When I was a child, church attendance was a given. My family had a highly set routine â€“ get up at the same time, put on one of the same two "churchâ€ť outfits, be in the parking lot just before Sunday school. Itâ€™s easy to go to church regularly when you are a child and have no real choice in the matter. When you get a bit older it gets tougher. And when both social pressures and technology provide you with so many tempting alternatives, mustering up the energy to get up on a Sunday morning, wash your face, make yourself presentable, and show up in person can seem like an even taller order.
The cases AGAINST physically going to church are numerous and persuasive. I think the strongest of them (and the one I bought into for a few years into my adulthood when compulsory church attendance was no longer so compulsory) is the idea that the real work lies outside of the church, not in it. When you look out at the staggering amount of people in need of food, shelter, love, and understanding it can feel hypocritical to get in your pressed shirt or modest but nice dress and spend an hour or so nodding along to a familiar sermon. There is so much work to be done and so much more Christians can be doing that it seems frivolous to "preach to the choirâ€ť as it were.
And then there are all the shiny new ways to connect with the church community. Considering the convenience of streamed services and social media prayer circles, actually showing up to the same building feels a little old fashioned. Why endure the stress of getting the kids up and ready to go for a 9:00 AM Sunday school class when you could let them tune in while eating their breakfast?
But for as persuasive as those options can be, can they really replace the experience of going to church? And I want to be careful here, because Iâ€™m not saying those alternatives are bad. As Christians we absolutely have a duty to put our values into action out in the real world. If your Christianity begins at 9:00AM on Sunday and ends when you walk out the door of the church, then you need to do some reflection. And streamed services and alternative long-distance forms of communion and sharing are absolutely valid, especially for our brothers and sisters with mobility disabilities, compromised immune systems, or other impediments.
But for those of us blessed with the ability to attend, the church is about more than saying hi to the regulars who sit in your pew, and there is a lot of value in gathering under Godâ€™s roof even in this modern age.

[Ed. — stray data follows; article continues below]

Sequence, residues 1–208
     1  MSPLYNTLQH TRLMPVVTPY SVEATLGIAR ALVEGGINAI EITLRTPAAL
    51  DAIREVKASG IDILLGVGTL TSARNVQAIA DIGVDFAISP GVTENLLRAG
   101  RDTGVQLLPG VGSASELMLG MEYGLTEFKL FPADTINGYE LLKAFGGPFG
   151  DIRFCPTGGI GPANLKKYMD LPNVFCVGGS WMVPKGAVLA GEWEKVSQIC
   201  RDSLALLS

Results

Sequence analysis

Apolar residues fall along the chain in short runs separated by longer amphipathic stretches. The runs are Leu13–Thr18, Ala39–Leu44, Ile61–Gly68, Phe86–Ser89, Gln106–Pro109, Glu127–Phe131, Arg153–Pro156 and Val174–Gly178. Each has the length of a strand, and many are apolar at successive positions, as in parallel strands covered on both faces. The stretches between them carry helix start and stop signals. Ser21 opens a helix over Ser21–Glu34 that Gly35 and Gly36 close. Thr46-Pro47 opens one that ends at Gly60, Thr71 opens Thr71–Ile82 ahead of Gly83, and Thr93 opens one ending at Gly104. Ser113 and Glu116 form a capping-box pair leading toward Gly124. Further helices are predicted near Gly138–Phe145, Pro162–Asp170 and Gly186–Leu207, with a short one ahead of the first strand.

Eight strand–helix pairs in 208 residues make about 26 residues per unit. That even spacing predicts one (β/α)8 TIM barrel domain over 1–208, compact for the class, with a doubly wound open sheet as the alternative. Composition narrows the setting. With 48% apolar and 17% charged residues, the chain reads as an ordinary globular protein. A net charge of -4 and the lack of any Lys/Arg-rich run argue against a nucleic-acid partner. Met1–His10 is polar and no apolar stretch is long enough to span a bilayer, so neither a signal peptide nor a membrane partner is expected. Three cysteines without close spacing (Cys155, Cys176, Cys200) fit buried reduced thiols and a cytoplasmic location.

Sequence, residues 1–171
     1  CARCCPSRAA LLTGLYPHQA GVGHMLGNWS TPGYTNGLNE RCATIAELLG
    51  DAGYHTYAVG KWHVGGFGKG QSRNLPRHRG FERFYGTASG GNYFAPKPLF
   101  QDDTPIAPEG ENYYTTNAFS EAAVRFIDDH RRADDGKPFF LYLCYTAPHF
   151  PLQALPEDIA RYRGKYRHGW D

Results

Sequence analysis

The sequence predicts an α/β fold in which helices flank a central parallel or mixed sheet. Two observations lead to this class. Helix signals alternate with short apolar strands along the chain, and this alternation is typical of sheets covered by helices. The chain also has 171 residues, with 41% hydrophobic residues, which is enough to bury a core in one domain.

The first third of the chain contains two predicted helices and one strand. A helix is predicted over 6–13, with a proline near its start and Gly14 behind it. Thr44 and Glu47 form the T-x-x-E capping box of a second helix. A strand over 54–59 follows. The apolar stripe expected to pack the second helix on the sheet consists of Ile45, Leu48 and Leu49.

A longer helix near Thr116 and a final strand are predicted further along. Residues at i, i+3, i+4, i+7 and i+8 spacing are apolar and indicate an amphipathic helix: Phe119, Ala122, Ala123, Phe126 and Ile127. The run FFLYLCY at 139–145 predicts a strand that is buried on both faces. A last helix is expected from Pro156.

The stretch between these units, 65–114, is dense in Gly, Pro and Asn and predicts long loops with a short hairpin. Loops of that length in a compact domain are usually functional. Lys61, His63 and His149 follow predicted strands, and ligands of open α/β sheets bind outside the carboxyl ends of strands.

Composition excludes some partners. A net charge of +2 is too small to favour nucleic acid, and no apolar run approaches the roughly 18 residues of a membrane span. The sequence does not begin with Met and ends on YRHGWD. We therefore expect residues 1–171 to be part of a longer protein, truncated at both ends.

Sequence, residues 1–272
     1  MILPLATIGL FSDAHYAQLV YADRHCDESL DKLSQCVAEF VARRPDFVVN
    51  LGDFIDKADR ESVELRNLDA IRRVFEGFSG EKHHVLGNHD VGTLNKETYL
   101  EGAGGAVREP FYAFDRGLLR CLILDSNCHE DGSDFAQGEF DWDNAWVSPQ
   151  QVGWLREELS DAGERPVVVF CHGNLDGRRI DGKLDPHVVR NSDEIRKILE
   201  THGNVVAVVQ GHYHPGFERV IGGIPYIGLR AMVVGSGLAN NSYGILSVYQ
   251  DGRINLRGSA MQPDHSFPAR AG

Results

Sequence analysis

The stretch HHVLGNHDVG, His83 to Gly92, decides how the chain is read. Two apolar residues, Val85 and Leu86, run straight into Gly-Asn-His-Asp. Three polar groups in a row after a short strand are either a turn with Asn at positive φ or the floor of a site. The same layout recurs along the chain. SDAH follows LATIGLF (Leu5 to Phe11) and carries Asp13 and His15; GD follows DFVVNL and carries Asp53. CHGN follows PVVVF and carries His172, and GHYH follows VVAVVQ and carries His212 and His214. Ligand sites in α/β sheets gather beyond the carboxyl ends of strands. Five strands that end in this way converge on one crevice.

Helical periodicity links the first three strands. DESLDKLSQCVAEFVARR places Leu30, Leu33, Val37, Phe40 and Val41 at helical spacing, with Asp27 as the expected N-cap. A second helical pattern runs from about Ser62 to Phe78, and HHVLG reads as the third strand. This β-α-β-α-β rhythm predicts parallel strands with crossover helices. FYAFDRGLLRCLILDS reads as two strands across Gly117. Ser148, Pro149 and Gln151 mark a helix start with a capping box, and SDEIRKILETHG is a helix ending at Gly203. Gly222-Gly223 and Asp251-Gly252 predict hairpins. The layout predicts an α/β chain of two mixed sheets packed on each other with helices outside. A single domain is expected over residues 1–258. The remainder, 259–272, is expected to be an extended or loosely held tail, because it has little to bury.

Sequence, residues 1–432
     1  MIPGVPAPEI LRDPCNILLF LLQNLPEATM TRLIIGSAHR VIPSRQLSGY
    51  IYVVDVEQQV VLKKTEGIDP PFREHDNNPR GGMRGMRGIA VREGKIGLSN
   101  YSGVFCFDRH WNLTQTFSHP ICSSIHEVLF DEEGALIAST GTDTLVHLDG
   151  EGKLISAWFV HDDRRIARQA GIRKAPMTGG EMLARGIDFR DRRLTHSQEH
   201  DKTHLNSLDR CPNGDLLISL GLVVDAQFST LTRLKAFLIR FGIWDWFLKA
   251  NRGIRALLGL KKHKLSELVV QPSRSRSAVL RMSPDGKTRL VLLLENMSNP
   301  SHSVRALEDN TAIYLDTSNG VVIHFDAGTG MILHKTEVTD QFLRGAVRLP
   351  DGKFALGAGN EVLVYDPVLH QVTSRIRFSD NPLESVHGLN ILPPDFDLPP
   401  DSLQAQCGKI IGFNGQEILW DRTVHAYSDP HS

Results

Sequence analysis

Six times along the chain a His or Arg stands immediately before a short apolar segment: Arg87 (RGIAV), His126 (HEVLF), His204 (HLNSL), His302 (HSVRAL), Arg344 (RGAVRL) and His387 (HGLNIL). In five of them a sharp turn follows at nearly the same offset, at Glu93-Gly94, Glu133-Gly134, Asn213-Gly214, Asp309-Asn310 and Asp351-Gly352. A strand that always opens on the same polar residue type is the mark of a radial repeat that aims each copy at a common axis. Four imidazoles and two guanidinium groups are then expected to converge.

The church offers us something we canâ€™t get anywhere else â€“ shared love in Christ. Itâ€™s a place to go to spend energy, but a place to be revitalized. When the stresses of the world are bearing down on us, when everyday seems to bring some new catastrophic headline or calamity, when you start to wonder what Godâ€™s plan could possibly be, itâ€™s the church that will lift you back up by reminding you that this is a shared experience. We all feel hopeless now and then and it can sometimes be hard to see the big picture, but there is one and it is always moving in Godâ€™s direction.
"Preaching to the choirâ€ť might sound like a waste of time, but you need to remember that the choir is made up of real, feeling, hurting people. People who need spiritual nourishment, the kind you can only get from communion with your brothers and sisters in Christ. We need to feel that bond, that love. Without it, we face a lonely and daunting world.
And just as we as Christians have a real duty to put our values to action in the street, we also have a duty to put them into practice in the church. The church is an institution made and maintained by countless individuals. Every Sunday school lesson you nodded off to when you were young? It was written by a church member who cared enough to give their time and energy each week to plan a lesson and the strength and determination to get it across to a room of bored and fidgeting 10 year oldâ€™s. Every bulletin board you see with prayer group dates, help-phones to call, food basket services, and such is a testament to the care your brothers and sisters have for you and each other. Every cup of free coffee you drink, every stale grocery store doughnut you eat, was brought in by someone who wanted to make sure you were comfortable and alert and ready to receive the message and fellowship of Christ. That is love. Real love.
No church is perfect like no Christian is perfect. There are going to be times when we let each other down, when we feel like weâ€™re either not doing enough, or doing too much of the wrong thing. But that isnâ€™t a reason to give up on it. Itâ€™s a reason to stay and put in the work to do better. We are all the beneficiaries of a million tiny acts of kindness and care performed by people who never had to lift a finger if they didnâ€™t want to and who likely never received any kind of compensation or even praise for their efforts. Itâ€™s our duty to honor those acts by keeping their spirit alive, by contributing a few of our own. And that is why the church can and will never be replaced.